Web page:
• Instant Gratification vs. Long Term Gain - Thanks to modern conveniences and media, we as a society, especially in the western world, have become accustomed to instant gratification. With a flick of a remote, we can browse through hundreds of TV channels. With a phone call, we can have world cuisines delivered to our doors. With a few clicks of a mouse, the books we wanted will show up at our doorsteps. Microwave pizzas, bottled egg whites, and pre-packaged anything can be easily accessible with a quick trip to the local store. These serve as short-term distracters away from what we can gain in the long term. Spend some time to focus on your long term goal that this task contributes towards. Is the short-term gratification worth it in risking your long-term gain? Is it worth compromising for your potential?
  • Visual Reminders - I’ve found it helpful to have visual reminders to do something that’s important to me. One way to do this is writing on a piece of paper what you need to do, and in smaller text why you want to do it. Tape this paper somewhere you will see it: bathroom mirror, in front of your bed, on your keyboard. This doesn’t work if you have many reminders for different tasks, but for a couple of tasks, it can work magically.

Parting Words

Life is as hard or as easy as we make it. The more we think about something (anything, not just tasks), the more amplified it becomes from our perception, because we have given it energy by focusing on it. Let’s not torture ourselves by adding more stress in our already hectic lives. It’s okay to be busy and not have time to finish things. Schedule it, forget about it and stick to the schedule. Treat it like an appointment with yourself. We respect others enough to show up at appointments punctually. Why don’t we do the same with ourselves?

Original here

BMW’s Hydrogen Car Cleans The Air as You Drive

What if your car consumed carbon monoxide instead of spewing it out? Just such a vehicle was unveiled at last month’s SAE Congress in Detroit, which showcased some exciting green trends in the automotive industry. BMW stole the spotlight with its hydrogen-powered 7-series sedan that emits less carbon monoxide than is present in its environment. The car’s engine breaks down and converts carbon monoxide, essentially cleaning the air as it is driven.

BMW’s carbon cutting sedan features a six-liter hydrogen combustion engine that delivers performance on par with its gas-guzzling counterpart. The vehicle takes a step beyond BMW’s efforts to create a hydrogen/gasoline hybrid with astonishing results: tests conducted by Argonne Laboratories show that the car’s emissions are so low that they are undetectable by standard emissions tests.

It’s certainly true that Hydrogen fueled cars have some critical hurdles to overcome, but developments like this infuse the industry with an uplifting breath of fresh air. BMW currently has no plans for production, but the sedan marks sure signs of future-forward thinking.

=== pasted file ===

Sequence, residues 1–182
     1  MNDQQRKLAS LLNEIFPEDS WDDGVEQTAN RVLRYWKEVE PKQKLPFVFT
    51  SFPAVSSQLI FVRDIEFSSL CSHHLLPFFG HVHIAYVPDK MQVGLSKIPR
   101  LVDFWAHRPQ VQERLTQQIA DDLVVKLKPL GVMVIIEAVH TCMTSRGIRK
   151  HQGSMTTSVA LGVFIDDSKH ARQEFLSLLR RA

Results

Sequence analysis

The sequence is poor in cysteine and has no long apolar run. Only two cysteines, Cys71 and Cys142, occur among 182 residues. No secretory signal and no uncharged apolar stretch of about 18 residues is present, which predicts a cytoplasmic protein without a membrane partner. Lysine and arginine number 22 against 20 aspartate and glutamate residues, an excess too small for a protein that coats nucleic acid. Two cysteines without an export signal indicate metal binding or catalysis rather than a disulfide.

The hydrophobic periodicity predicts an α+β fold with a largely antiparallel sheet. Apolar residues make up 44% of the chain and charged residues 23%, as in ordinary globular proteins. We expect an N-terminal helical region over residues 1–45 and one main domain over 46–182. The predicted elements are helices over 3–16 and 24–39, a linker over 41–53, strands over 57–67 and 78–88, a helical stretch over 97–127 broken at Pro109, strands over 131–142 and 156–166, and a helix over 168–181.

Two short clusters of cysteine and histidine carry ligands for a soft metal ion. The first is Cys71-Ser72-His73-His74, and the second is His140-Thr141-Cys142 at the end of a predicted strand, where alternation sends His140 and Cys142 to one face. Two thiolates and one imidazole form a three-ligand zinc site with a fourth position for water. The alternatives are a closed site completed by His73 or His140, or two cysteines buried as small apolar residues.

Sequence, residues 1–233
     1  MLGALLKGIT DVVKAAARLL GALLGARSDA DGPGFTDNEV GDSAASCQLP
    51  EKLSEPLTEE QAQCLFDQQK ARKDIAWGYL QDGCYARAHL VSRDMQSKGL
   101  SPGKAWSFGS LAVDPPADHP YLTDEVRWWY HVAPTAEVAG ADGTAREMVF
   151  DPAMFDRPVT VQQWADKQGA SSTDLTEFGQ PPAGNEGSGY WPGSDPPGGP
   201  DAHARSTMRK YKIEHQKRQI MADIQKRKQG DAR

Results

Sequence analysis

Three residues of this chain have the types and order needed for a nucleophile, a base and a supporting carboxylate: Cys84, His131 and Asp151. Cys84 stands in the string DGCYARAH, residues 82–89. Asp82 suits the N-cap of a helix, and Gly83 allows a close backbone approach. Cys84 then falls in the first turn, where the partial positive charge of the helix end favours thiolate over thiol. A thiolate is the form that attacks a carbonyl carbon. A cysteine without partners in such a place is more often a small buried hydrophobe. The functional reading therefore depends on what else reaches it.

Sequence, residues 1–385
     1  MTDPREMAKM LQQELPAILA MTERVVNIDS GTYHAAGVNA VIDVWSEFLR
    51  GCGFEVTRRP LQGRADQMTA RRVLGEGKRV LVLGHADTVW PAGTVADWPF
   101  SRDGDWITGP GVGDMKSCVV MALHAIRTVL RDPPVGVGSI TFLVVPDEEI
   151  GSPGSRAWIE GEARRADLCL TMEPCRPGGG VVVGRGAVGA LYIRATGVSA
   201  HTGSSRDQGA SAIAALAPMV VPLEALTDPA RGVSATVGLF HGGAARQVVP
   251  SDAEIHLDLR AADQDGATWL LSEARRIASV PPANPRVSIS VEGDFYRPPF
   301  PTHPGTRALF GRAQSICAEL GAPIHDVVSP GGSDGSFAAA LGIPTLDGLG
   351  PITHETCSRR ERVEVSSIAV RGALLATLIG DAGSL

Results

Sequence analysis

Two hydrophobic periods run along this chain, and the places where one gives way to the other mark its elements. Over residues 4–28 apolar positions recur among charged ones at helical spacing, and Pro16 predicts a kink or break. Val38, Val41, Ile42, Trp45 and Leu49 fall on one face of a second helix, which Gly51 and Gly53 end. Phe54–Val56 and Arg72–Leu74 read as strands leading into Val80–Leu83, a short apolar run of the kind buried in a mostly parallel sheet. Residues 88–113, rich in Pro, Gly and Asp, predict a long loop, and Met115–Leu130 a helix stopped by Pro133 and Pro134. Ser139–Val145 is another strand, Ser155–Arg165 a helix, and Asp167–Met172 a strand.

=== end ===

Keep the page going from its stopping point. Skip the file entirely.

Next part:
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'Tank on Empty' is a gas, gas... gasp: Tales from beyond E

A year after launching "Tank on Empty" -- a site dedicated to collecting data and anecdotes about how far cars can drive once the warning light goes on -- the project has managed to land Justin Davis in hot water with worrywarts, motorheads and statisticians ... not to mention his own mother.

No matter, though, as the 24-year-old freelance Web developer has also won a wide audience among Krameresque thrill seekers and plenty of positive attention from bloggers and the press, including a star turn on 20/20 with John Stossel.

Whatever the nitpickers think of the site's data, the personal stories of derring-do and irresponsibility that "Tank on Empty" has collected are a hoot to read ... and we'll point you to a few of the better ones in a moment. First, though, I caught up with Davis last week to see how things have been going with the site.

"Google Analytics says I've had about 600,000 page views and over 110,000 visits since it started," he says. "My server, on the other hand, would disagree -- it's transferred closer to 3 million page views."

The "Tank on Empty" concept is simple: Your light comes on, you hit the trip meter, drive for as long as you can -- or dare -- and then go to the site to submit the number of miles you travelled beyond E. For example, 129 drivers have entered data for the Toyota Corolla, which I drive, logging an average of 44 miles after the light.

Davis continues: "The feedback I receive usually identifies three types of people: The ones who think it's a fun idea (my favorite); people who don't think the information is detailed enough because it doesn't take into account engine size or number of passengers or something (the pedants); and, the people who have to warn against driving on low gas because it'll hurt your car or could kill you or something (the overreactors). It's fun to categorize them as people leave messages."

Then there are those who warrant special categories of their own, such as Mom.

"My mother was driving a couple months ago and the gas light went on," Davis says. "She had heard that those lights usually give you a rather large range (I can't imagine where she came up with this idea) and in the process ran out of gas. ... She's become more skeptical of her light as a result."

As for the stories from those "Tank on Empty" contributors, they prove once again that it takes all kinds:

There's the Brit who insists that Austins never run of petrol ... and he has the mechanic's bill to prove the point.

Rolling into a gas station powered only by gravity is a common theme, as you might expect, but not many characterize the experience as "one of the proudest moments of my life."

Any parent who's ever started Monday morning by staring at a gauge gone empty will relate to the Dad in this college student's tale (bonus for the '66 Mustang).

As Mom's will this one.

Good rule of thumb here: Don't use your car to push one that's run out of gas.

Need we remind everyone that the warning light is only helpful if heeded? And if it comes on before the car stops moving.

And my personal favorite:

"There isn't a month that goes by without a phone call from my wife wanting me to bring her some gas," writes this fellow, who goes on to explain how she acquired the habit. ... "Even with all of my inconveniences leaving work to get her gas, she is a wonderful wife and mother."

She had better be.